Writing tests to support the code you write is an aspect of everyday developer life in most (if not all) companies.
1. Which testrunner ? And why ?
There’s several test runners out there, most of them however lack in functionality/stability. The most advanced and versatile ( in our opinion ) is KarmaJS.
KarmaJS itself has been around for a while, but it’s still alive and kicking, what’s important to note here is that Karma is a test runner.
The tests themselves need to be written in a different language (such as Jasmine, chai, etc ), but karma ( if properly configured ) handles the task of running consecutive tasks / watching file changes / booting up your test environment / … for you.
It’s easy to integrate into any CI tool as you can just run it through an npm lifecycle script.
Karma does the trick for us, but a very good alternative is Jest, which has been gaining in popularity for a while now.
One of the benefits that Jest offers is called ‘snapshot’ testing, where test results might change based on code changes, which jest incorporates through comparisons between the current state of the art and previous snapshots. Pretty cool stuff. One of the downsides in Jest is that it doesn’t yet offer in-browser support, which karma does.
2. Testing Framework of Choice
Jasmine vs Mocha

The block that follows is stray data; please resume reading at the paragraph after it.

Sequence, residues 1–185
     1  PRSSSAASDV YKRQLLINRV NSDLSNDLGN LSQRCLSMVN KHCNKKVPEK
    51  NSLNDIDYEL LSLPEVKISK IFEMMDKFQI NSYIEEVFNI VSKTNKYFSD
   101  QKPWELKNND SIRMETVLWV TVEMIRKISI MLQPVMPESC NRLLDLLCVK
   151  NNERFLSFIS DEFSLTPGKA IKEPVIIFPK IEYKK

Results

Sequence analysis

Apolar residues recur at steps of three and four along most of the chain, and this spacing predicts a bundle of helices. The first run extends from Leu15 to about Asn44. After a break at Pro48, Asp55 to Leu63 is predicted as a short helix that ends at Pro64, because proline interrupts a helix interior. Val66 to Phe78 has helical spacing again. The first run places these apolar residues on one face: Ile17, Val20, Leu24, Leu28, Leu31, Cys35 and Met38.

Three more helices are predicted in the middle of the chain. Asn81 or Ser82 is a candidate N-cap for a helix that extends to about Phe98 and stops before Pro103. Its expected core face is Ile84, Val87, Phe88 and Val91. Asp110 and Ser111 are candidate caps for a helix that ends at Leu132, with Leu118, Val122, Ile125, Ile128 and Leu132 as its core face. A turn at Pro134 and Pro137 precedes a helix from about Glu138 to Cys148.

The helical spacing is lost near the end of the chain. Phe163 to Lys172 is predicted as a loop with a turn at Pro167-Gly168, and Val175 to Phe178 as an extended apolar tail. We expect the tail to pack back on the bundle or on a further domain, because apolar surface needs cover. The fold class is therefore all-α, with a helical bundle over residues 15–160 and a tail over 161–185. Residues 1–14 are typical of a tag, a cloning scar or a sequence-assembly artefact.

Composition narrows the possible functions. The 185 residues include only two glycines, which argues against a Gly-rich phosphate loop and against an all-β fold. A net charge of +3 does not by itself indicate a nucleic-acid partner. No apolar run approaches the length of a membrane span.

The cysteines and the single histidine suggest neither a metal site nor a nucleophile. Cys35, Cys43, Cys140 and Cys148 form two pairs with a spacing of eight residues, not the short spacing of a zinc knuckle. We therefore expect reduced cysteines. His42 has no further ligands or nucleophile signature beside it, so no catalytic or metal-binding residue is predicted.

Jasmine and Mocha are both written with BDD (Behavior Driven Development) in their mind and their syntax looks much alike. The difference is that Mocha does not come with an assertion library.
Assertions or otherwise called ‘expectations’ are the core of a good testing framework, they are a way of writing the expected outcome of a test. For example in jasmine :
What is very important in my eyes for any assertion library is that they’re humanly readable and easy to use.
What about Sinon and Chai?
Chai is an assertion library, not a full-fledged testing library, it (needs to be) paired with a different library such as Mocha for it to truly shine.
Sinon’s feature set is very much alike jasmine’s, but in our opinion the syntax is not as clean as jasmine’s. One of the benefits of sinon over Jasmine though is that it also incorporates a fake server.
3. From PhantomJS to Puppeteer/ChromeHeadless
I was sad to see PhantomJS slowly be putting to rest when one of its maintainers left in 2017, however the reason as to why was because Google released a Headless version of Chrome ( headless mode of Chromium, Canary ) followed suit.
Headless, meaning that it can run without a graphical interface and communicates through other means such as serial ports, network, etc. In order to efficiently run unit tests in a continuous integration scheme, headless is a bit of a requirement.
Combine Headless chrome with Puppeteer, a node library built by Google to be able to control headless chrome/chromium/canary and you’ve got yourself a full replacement for phantomjs.
As such the combination between puppeteer and headless chrome is what we’ve moved towards in 2018. The cherry on the cake is that since it’s coming from the source, rather than a third-party library, this setup is a lot more stable than PhantomJS.
Our current setup evolved from Karma + Jasmine + PhantomJS in 2017 to Karma + Webpack (6to5) + Jasmine + Puppeteer + Chrome Headless.